SINGAPORE - Education institutions can do more to create safe spaces for students who may face problems seeking help for mental health issues, said President Halimah Yacob on Thursday (Dec 17).
During a visit to Republic Polytechnic (RP), Madam Halimah noted that students may not have the courage to confide in their lecturers or teachers, or they may think there is a stigma related to mental health issues.
"We need to provide a safe environment for the students, for them to feel that it's okay - 'I have a mental health problem, I can seek help and I will get the help and I will be able to continue to perform well'," she said.
The President spoke to the media after touring the polytechnic's Student Care Centre, which caters to students with mental health issues and special educational needs, among other needs.
The 208 sq m centre was opened in June last year after a revamp.
It now has two rooms for conferences, five for counselling, two sensory rooms and an assistive technology library, where students with special needs can borrow assistive devices.
The sensory rooms are private and quiet places for students who may be prone to anxiety issues or panic attacks.
They provide a space for the students to calm themselves when they are feeling anxious in school.
Madam Halimah lauded RP for its efforts in providing support for its students.
Ms Sher Yuan, a second-year student reading pharmaceutical science, said she frequently visits the centre and makes use of the sensory rooms.
The 18-year-old has autism spectrum disorder.
"When I'm feeling stressed, I'll go to the centre to revise my homework or have a quick chat with the counsellors," said Ms Sher.
"The sensory rooms help me to calm down. One time, I had an outburst after an exam paper because I felt it was so difficult and I felt my parents expectations and my own expectations were very high."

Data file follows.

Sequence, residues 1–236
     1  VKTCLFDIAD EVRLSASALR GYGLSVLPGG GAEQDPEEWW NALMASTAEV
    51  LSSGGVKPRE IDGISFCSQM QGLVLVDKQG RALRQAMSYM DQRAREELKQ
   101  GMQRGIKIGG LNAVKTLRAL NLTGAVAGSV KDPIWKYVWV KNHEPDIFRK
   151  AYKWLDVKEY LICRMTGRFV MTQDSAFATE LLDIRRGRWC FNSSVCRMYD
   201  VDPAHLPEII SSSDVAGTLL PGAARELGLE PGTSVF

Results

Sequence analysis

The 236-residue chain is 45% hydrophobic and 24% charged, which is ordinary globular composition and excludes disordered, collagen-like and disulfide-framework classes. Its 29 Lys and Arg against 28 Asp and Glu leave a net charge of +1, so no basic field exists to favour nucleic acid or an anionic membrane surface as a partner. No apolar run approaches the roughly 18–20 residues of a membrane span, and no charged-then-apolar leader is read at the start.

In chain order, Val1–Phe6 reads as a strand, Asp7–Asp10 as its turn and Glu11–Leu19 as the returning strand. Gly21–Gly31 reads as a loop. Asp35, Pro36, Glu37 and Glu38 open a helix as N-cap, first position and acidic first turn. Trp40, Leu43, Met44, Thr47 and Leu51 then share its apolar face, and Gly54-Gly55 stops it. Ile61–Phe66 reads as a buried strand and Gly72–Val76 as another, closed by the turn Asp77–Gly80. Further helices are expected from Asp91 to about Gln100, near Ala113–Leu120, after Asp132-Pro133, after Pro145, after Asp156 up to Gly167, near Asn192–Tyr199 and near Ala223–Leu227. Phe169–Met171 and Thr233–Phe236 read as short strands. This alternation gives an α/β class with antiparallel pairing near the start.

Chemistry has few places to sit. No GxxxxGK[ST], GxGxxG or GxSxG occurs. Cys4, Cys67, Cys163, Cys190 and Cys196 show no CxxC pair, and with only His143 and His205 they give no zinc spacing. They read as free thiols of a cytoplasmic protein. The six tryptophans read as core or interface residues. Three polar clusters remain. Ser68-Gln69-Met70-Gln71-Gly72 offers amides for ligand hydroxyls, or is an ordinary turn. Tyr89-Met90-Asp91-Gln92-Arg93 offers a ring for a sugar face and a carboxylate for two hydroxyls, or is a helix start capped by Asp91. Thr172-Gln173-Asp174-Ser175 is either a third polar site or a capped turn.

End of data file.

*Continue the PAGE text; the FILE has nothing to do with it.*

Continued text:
The rooms are also equipped with a panic button for students to alert a counsellor in times of emergency.
The polytechnic said that before the Covid-19 pandemic, around 20 to 30 students visited the Student Care Centre daily for a variety of reasons - financial aid queries, counselling matters, scholarships, and student support issues such as shuttle bus services, as well as to borrow assistive technology equipment.
Madam Halimah also visited the polytechnic's agriculture technology laboratory during her visit on Thursday.
The lab, which uses technology to optimise plant growth, is used mainly by students in its School of Applied Science. The lab also hosts Continuing Education and Training (CET) adult learners.
It was launched in January last year.
"This lab provides a platform for students to gain real experience in the needs of the agritech industry. So I think in this way, RP is supporting our goal of 30 by 30 and helping to grow the industry," Madam Halimah said.
The 30 by 30 goal is for Singapore to produce 30 per cent of its nutritional needs locally by 2030.
"This is really the need of the future... The normal way of growing food is no longer going to be very sustainable in the long term, because of the tremendous use of land, energy and water.
"So we need to come up with urban solutions in farming," added the President.